|1936||The fifth İzmir International Fair is the first that is held at its present location of Kültürpark where it acquires the proportions of an ongoing important annual commercial and cultural event of international scale.|
|1948||The first organized excavations at the site of Archaic Period Smyrna are started by an Anglo-Turkish team under Professors John M. Cook and Ekrem Akurgal, to be pursued by Akurgal on a continuous basis as of 1966 and to be managed after 1993 by Akurgal's wife Meral Akurgal.|
|1954||Start of the construction of the Port of Alsancak, still used and extended, and privatized in 2007. Kuşadası district transferred to Aydın Province|
|1955||Ege University, İzmir's first university to start courses, is founded with present-day campus in Bornova.|
|1964||The multi-use stadium İzmir Atatürk Stadyumu, Turkey's largest at the time (today the second largest) is built in view of the Mediterranean Games.|
|1971||İzmir hosts the Mediterranean Games.|
|1982||Dokuz Eylül University, İzmir's second largest, is founded with present-day campus in Buca.|
|1984||İzmir Archaeology Museum, first set up in Ayavukla Church (Gözlü Church) in Basmane popular quarter, with a second museum in Kültürpark added in 1951, moves to its premises covering 5.000 sqm in Bahribaba Park.|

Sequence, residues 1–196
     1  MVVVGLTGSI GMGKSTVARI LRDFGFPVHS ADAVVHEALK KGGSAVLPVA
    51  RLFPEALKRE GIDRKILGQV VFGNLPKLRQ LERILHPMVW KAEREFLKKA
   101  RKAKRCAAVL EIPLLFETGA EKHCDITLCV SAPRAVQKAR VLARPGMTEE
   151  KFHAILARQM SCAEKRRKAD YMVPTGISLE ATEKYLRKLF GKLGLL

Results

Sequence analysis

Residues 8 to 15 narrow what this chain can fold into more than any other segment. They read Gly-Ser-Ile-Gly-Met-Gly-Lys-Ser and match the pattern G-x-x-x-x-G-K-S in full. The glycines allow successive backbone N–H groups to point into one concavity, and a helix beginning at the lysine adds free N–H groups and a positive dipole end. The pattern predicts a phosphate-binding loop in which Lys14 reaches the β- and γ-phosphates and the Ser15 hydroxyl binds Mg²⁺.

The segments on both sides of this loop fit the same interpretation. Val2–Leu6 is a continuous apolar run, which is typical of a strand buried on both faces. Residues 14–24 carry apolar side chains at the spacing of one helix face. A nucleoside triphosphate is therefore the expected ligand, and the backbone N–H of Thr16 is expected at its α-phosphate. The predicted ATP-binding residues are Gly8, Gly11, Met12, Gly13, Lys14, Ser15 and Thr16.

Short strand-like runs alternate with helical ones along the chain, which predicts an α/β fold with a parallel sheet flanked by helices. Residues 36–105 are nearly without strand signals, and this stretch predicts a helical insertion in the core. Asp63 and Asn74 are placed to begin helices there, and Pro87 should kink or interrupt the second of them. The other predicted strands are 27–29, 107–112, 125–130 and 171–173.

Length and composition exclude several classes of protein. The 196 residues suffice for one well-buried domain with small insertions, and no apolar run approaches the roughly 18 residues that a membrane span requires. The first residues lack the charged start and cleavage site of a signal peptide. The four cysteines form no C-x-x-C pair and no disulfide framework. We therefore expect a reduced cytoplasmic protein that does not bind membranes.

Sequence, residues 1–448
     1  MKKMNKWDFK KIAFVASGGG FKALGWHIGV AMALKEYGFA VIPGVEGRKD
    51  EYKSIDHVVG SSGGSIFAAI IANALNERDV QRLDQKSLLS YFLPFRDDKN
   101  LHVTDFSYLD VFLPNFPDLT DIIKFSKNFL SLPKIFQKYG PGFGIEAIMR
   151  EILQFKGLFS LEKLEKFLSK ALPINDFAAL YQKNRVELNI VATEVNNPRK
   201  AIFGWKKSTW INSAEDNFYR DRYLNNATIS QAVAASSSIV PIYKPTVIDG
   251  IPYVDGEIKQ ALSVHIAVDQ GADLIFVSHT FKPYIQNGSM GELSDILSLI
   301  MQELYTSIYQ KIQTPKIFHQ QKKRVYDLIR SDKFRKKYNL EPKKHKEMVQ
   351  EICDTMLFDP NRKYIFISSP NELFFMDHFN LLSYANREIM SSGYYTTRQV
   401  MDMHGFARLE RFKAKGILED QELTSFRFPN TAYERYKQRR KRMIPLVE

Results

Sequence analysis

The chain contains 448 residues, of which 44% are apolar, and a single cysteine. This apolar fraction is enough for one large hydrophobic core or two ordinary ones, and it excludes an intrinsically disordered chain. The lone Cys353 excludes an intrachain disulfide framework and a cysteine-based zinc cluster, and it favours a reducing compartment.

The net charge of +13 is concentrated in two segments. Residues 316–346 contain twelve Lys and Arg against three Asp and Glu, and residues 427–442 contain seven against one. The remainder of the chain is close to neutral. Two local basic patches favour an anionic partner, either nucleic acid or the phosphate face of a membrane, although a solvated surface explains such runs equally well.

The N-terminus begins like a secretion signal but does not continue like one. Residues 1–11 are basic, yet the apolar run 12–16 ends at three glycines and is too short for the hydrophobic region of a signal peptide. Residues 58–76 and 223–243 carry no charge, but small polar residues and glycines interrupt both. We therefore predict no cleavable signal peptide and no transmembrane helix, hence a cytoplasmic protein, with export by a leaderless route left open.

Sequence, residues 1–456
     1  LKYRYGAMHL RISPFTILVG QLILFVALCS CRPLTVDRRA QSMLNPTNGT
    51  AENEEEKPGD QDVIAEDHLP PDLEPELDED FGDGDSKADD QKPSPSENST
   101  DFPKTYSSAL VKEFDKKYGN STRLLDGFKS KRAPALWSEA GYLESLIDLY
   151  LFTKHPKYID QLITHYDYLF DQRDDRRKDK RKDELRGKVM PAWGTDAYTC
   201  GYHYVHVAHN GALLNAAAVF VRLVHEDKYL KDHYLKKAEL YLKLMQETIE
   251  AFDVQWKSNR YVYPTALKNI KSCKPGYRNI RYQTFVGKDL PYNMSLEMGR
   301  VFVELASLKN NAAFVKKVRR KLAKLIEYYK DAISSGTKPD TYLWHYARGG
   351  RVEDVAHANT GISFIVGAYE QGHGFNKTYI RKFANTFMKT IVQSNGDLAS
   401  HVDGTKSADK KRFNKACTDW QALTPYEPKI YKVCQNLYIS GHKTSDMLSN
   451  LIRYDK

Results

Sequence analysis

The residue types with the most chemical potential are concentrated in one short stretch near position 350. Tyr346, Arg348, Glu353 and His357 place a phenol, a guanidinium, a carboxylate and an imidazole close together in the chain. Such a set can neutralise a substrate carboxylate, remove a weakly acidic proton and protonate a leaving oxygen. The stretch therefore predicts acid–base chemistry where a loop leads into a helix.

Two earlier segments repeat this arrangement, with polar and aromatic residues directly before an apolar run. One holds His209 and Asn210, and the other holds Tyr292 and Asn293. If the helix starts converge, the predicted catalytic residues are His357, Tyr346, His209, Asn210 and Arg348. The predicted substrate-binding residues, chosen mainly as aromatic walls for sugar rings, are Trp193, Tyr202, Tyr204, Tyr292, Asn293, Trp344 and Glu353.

|1987||İzmir's new airport, Adnan Menderes Airport, enters into service. A new international terminal was added in 2006.|
|1990||Aegean Free Zone, the first production-based free zone in Turkey and the leader among the country's 19 others, opens as a Turkish-U.S. joint-venture in İzmir's Gaziemir district, to reach a total portfolio of 302 notable companies by 2006, generating more than $4 billion annually in international trade. It also houses the world's fifth Space Camp.|
|1992||İzmir's third university and first institute of technology, İzmir Institute of Technology is founded, with present-day campus in Urla.|
|1995–2000||The first line of İzmir Metro, extending from Üçyol station in Hatay to Bornova along a length of 11.6 km (7.2 mi) is built and enters into service.|